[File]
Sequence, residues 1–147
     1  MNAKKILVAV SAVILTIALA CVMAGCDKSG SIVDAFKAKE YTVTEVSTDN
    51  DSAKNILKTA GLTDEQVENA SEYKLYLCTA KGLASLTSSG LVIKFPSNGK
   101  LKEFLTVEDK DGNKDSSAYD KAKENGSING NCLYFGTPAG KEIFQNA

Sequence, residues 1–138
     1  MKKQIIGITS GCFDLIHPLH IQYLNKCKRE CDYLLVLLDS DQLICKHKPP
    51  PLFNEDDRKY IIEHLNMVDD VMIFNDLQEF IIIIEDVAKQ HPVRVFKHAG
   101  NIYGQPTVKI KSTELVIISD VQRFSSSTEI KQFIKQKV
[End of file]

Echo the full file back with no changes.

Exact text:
Sequence, residues 1–147
     1  MNAKKILVAV SAVILTIALA CVMAGCDKSG SIVDAFKAKE YTVTEVSTDN
    51  DSAKNILKTA GLTDEQVENA SEYKLYLCTA KGLASLTSSG LVIKFPSNGK
   101  LKEFLTVEDK DGNKDSSAYD KAKENGSING NCLYFGTPAG KEIFQNA

Sequence, residues 1–138
     1  MKKQIIGITS GCFDLIHPLH IQYLNKCKRE CDYLLVLLDS DQLICKHKPP
    51  PLFNEDDRKY IIEHLNMVDD VMIFNDLQEF IIIIEDVAKQ HPVRVFKHAG
   101  NIYGQPTVKI KSTELVIISD VQRFSSSTEI KQFIKQKV